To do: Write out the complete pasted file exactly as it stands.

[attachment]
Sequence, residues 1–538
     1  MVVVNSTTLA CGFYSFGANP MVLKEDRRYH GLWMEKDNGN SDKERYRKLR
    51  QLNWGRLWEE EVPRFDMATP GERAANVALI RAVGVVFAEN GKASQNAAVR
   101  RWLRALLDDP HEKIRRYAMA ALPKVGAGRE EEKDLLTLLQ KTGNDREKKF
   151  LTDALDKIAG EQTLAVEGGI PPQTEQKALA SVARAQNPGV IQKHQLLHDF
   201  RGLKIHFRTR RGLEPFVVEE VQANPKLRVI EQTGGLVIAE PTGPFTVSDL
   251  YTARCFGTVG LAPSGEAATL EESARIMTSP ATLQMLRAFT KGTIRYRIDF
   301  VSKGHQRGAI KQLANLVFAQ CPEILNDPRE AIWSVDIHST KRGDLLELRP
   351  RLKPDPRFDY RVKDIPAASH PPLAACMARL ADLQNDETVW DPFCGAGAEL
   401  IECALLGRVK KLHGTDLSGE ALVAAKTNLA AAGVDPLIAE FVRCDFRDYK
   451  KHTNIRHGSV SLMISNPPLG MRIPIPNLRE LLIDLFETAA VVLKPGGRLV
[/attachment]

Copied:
Sequence, residues 1–538
     1  MVVVNSTTLA CGFYSFGANP MVLKEDRRYH GLWMEKDNGN SDKERYRKLR
    51  QLNWGRLWEE EVPRFDMATP GERAANVALI RAVGVVFAEN GKASQNAAVR
   101  RWLRALLDDP HEKIRRYAMA ALPKVGAGRE EEKDLLTLLQ KTGNDREKKF
   151  LTDALDKIAG EQTLAVEGGI PPQTEQKALA SVARAQNPGV IQKHQLLHDF
   201  RGLKIHFRTR RGLEPFVVEE VQANPKLRVI EQTGGLVIAE PTGPFTVSDL
   251  YTARCFGTVG LAPSGEAATL EESARIMTSP ATLQMLRAFT KGTIRYRIDF
   301  VSKGHQRGAI KQLANLVFAQ CPEILNDPRE AIWSVDIHST KRGDLLELRP
   351  RLKPDPRFDY RVKDIPAASH PPLAACMARL ADLQNDETVW DPFCGAGAEL
   401  IECALLGRVK KLHGTDLSGE ALVAAKTNLA AAGVDPLIAE FVRCDFRDYK
   451  KHTNIRHGSV SLMISNPPLG MRIPIPNLRE LLIDLFETAA VVLKPGGRLV